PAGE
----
Filed under: Belfast

I was reminded that teenagers like to sleep way more than visit anything. So I walked around Mary’s place in Belfast in the morning. It was great. As fast and as far as I wanted. And no one asked me for anything. I walked through some parks. Saw lovely vistas and pretty good street art.

Then by 2pm I made everyone get up for the Black Taxi tour of political murals. We did it when the girls were very young and it’s so good we did it again. Joe was our driver and gave us the quickest history of the Northern Ireland ever – starting with 1690 and the Battle of the Boyne. The battle was really about who was the rightful king of England (King James or King William). The fight wasn’t really about Ireland or religion; in fact it wasn’t about religion at all but it was the first step in a long step that led to the troubles.

I won’t recount everything – you can find a podcast on it I’m sure but only highlight two things that struck me. (I’ve heard the story many, many times. And for folks who don’t know, I have a MA in Irish Lit. But it seems like everything I hear the story something new bubbles up.)

The start of modern troubles begins in 1912, when the 32 counties of Ireland were divided into 26 (Republic of Ireland) and 6 (Northern Ireland). It was a compromise of sorts but a compromise that favors the Loyalists (folks who liked England and were generally Protestant) over the Nationalists (mostly Catholic) – despite the Nationalists being a strong majority nationwide. In fact, North Ireland was gerrymandered to create a Loyalist majority for the area. Joe pointed out that this is where things should have gone differently. A peaceful protest or other movement should have pushed for the will of the people in 1912. (Inspires me for more Women’s March work!)

From 1912-1916 there were uprising but few and far between – until Easter Rising 1916 when Nationalist volunteers took over the GPO (General Post Office) to defend Ireland. It lasted for 6 days, which is pretty impressive, then the rebels were captured and many sentenced to death. While public interest in the movement had been middling until that point, the executed rebels (the idea, the image, the romance) turned the public. And that spurred a renewed interest in a free and united Ireland.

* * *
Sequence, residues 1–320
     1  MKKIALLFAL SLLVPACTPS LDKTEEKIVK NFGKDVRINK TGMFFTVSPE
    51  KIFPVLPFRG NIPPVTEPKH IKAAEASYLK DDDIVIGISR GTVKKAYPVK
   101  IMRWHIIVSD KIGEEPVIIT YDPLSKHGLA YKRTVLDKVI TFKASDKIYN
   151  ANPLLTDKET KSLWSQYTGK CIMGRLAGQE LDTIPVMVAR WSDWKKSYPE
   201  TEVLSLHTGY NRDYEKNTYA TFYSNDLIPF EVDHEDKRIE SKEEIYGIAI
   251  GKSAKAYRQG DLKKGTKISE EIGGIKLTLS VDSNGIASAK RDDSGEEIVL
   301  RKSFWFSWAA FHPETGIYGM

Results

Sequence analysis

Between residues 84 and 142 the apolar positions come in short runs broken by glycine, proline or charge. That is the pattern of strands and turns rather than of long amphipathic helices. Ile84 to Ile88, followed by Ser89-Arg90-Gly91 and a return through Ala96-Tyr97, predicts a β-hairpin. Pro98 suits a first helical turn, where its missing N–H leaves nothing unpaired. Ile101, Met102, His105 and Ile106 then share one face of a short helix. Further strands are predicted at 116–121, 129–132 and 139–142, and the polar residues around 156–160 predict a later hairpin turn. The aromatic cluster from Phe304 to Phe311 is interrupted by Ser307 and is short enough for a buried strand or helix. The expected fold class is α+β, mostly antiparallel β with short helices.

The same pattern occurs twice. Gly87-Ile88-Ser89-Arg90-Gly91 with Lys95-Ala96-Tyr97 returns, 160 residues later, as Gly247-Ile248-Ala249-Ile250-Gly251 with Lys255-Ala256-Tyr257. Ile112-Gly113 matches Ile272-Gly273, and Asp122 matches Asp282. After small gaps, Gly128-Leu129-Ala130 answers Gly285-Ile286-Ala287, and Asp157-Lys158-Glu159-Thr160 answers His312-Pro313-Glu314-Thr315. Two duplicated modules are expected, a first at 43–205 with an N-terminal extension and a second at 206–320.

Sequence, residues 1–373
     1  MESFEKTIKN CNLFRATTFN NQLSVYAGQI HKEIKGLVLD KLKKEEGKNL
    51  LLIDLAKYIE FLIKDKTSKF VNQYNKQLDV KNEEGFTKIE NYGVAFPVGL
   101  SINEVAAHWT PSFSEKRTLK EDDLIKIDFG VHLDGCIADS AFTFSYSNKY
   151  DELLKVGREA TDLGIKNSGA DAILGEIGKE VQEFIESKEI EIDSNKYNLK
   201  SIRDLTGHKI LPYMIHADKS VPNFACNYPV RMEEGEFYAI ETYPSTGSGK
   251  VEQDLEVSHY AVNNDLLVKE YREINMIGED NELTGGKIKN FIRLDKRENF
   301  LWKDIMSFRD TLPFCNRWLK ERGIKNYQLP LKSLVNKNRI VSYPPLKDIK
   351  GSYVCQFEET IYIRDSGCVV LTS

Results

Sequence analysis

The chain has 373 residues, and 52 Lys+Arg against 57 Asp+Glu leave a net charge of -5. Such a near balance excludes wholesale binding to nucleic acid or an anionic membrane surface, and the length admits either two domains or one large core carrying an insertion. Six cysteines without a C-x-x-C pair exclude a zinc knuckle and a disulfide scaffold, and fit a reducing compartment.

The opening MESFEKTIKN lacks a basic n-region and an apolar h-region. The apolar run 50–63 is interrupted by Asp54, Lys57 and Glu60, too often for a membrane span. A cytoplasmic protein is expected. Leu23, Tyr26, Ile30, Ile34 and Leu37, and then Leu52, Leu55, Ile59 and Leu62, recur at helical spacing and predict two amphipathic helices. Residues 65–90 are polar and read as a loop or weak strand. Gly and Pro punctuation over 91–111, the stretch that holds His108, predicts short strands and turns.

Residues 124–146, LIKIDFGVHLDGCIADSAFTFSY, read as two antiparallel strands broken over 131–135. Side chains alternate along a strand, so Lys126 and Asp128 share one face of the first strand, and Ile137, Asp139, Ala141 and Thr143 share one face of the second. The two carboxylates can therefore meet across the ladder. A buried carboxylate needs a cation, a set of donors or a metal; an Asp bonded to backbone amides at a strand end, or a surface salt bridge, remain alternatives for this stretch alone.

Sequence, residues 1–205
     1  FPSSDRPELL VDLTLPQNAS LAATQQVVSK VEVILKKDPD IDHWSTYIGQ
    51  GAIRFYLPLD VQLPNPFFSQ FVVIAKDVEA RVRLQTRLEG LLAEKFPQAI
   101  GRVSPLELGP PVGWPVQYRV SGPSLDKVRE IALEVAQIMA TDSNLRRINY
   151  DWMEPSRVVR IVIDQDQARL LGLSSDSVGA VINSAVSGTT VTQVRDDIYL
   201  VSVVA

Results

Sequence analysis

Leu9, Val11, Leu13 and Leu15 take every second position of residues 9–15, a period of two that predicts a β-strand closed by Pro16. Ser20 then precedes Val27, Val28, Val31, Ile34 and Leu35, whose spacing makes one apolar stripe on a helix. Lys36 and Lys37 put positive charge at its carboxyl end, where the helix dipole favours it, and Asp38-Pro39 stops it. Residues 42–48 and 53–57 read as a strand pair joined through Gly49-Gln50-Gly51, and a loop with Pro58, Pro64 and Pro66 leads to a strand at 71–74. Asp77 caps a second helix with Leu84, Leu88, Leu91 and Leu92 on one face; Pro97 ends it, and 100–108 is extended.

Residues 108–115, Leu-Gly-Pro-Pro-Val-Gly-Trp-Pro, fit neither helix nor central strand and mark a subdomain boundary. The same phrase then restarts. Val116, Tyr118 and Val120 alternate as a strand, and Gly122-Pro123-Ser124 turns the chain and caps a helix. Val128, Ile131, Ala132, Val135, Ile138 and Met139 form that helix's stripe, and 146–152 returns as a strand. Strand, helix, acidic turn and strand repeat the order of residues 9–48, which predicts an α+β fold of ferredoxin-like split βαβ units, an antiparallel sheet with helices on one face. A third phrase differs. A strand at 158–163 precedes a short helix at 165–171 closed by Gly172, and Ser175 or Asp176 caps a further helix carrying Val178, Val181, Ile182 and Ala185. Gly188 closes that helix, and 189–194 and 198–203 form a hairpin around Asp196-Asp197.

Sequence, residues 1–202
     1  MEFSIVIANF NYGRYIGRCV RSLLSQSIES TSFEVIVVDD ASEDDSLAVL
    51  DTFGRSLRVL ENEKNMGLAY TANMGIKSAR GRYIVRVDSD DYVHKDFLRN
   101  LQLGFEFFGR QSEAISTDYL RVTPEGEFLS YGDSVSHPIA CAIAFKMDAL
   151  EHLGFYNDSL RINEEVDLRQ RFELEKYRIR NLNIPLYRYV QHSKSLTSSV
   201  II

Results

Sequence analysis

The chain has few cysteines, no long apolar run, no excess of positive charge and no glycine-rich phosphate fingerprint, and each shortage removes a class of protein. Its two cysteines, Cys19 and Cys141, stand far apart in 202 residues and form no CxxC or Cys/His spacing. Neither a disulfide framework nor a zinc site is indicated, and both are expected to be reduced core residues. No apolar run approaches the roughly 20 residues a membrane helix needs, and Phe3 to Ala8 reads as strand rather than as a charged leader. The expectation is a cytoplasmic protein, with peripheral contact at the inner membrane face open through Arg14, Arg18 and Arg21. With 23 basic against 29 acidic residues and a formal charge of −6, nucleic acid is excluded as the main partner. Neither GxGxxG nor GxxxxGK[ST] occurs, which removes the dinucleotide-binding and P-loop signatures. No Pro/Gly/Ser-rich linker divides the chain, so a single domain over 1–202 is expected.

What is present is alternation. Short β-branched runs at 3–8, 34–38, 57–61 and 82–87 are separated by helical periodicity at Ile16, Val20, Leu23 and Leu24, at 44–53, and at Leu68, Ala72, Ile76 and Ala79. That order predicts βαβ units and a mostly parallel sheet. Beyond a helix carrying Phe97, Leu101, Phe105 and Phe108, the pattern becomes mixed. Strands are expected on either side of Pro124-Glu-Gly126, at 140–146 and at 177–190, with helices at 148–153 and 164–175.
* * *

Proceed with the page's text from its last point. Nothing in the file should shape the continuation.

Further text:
The troubles continued with lesser and greater fervor until last 1960s, early 1970s. Uprisings happened. Rebels were arrested and treated as political prisons. It wasn’t always front page stuff until Margaret Thatcher decided to not call IRA volunteers political prisoners but treat them as criminals – starting with wearing a regular uniform instead of criminal uniform in prison. But the rebels weren’t having it. Instead of a criminal clothes, the prisoners went naked with blanket protest. (Only had blankets.) That stirred troubles that eventually lead to the Hunger Strikers and that (like the executed rebels) struck a chord. People paid attention again. Bobby Sands (most famous Hunger Striker) was voted into political office (MP) while in prison.

Fast forward to today. A ceasefire was signed with the IRA with the Good Friday Agreement of 1998.

As Joe pointed out, the crease fire has brought much greater investment and return than the troubles ever did. We did speculate about what will happen in the wake of Brexit. Most people in Northern Ireland would prefer to stay with the EU than the UK. Brings us back to 1912 – will the will  of the people be heeded and what romantic image might it take to spur interest.